Taking My Own Advice

Over the last few weeks I have taught four different groups of teachers about various technology topics. The emphasis in three of them has been on Web 2.0 – the read/write web. Every time I do one of these workshops I get the same types of responses about technology:

  • This is very cool
  • This is a priority
  • I don’t know how to use it
  • I’m overwhelmed

In response, I try to emphasize that this technology is not the answer to everything. While I have a web page that ideally drives my classes and serves as the backbone, most activities, on a day-to-day basis are actually not where the students directly use computers. They have to take small steps. Do one or two things. Get comfortable with those things first. Otherwise it is overwhelming.

In a moment of exhaustion last night I finally decided to take my own advice. The first six weeks of my AP World History curriculum need some major revisions, but I also decided that my college prep curriculum needed some retooling. So I have spent an inordinate amount of time reinventing and fine tuning lessons I’ve been doing for years. Part of my plan from the start was to changing my Industrial Revolution major project to a branching simulation (like my Holocaust Wiki Project). However, seeing that I still had hours work to do, I realized I have done a lot already and my students will survive if I do another non-technology lesson in its place that I have implemented successfully in previous years. I will work on it over the summer and have it ready to go next year.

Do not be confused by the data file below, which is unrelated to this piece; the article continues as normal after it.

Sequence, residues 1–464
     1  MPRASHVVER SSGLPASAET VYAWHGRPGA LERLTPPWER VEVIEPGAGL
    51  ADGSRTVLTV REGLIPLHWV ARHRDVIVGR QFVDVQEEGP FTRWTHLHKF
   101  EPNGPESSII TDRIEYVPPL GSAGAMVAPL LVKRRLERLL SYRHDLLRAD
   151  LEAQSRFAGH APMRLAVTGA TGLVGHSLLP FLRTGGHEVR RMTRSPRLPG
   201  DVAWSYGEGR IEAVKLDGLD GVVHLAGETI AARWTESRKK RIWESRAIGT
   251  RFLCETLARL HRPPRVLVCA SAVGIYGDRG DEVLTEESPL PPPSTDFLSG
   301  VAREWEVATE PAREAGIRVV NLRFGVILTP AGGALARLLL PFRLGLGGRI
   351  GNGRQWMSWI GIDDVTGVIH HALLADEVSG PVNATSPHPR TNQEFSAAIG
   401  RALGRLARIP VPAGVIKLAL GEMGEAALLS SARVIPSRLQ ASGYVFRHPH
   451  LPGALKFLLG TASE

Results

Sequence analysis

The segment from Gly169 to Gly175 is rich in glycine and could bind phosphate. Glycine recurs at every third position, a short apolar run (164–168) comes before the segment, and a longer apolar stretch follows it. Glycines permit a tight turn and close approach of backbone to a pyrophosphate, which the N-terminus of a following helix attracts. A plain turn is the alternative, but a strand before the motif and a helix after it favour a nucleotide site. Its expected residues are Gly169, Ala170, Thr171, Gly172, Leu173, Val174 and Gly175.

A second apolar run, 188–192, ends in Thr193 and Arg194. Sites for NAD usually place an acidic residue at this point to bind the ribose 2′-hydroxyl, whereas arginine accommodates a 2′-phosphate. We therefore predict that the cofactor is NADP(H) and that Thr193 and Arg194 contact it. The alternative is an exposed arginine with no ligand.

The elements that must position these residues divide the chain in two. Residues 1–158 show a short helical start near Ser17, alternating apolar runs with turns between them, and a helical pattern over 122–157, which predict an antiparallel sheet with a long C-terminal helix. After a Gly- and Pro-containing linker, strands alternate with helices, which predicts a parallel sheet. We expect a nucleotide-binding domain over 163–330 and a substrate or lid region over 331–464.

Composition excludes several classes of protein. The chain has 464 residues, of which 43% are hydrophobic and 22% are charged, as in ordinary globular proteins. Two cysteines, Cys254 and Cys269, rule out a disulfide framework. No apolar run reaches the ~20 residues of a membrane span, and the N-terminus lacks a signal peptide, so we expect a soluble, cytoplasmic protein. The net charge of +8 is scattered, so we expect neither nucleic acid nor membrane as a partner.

This hits at the core of the problem that most teachers face when trying to do new things. Time. There is simply not enough time. For all the cool ideas that Will Richardson, David Warlick, and others have, those of us actually in the trenches have to find the time and resources to actually put these great ideas into practice. There are some schools and districts that are making these ideas happen (how I wish I could be a part of Chris Lehmann’s new school), but for most it is difficult. How can we tell the new story or have new conversations when we barely have time to do the same old thing.

I love the ideas that will be central to the k12 Online Conference (I knew I would be over extended so I didn’t submit a proposal) – but schools have a lot of changing to do in order make them mainstream. Individual teachers, even with the Internet and the blogosphere, can only generate so much progress.

We are still a minority in the teaching world.

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3 thoughts on “Taking My Own Advice”

  1. This was really refreshing to read, Dan. I was just put into the role of encouraging other teachers to integrate technology into their pedagogy at my school, and am working out a strategy to do so. It was really nice to read your thoughts (especially since, like myself, you are a social studies teacher first and not a full time tech guy) and talk about some of the concerns I anticipate running into. I really appreciate your advice to take small steps. I agree with you that we’ll never be able to fully integrate technology in the way we might hope. I’d be curious to hear what you have to say about helping teachers who aren’t using it at all (and may not know how to do it) begin to feel comforatable enough to do so.


  2. I’m depressed. I’ve been struggling as a “long-term substitute” without technology, hoping to get a surplus computer or something to start using some technology. I see your direction, and it seems to me we’re swimming the opposite way.

    Last week we got the word that the district will not only not provide even a surplused computer for the room, but that we should plan on no technology for the rest of the year. No internet, no PowerPoint, no DVD, VCR when I can reserve the player days in advance . . .

    “Able to fully integrate technology in the way we might hope?” HA!


  3. Time…there’s not enough. I agree. It’s so frustrating. However, while you are attempting to integrate something new and innovative I find myself faced with higher ups who want to keep running on that treadmill of old, tired ideas that waste time. Improving the wheel is great…..reinventing the wheel is not.

    …and if I haven’t already said it many, many congrats on the column.


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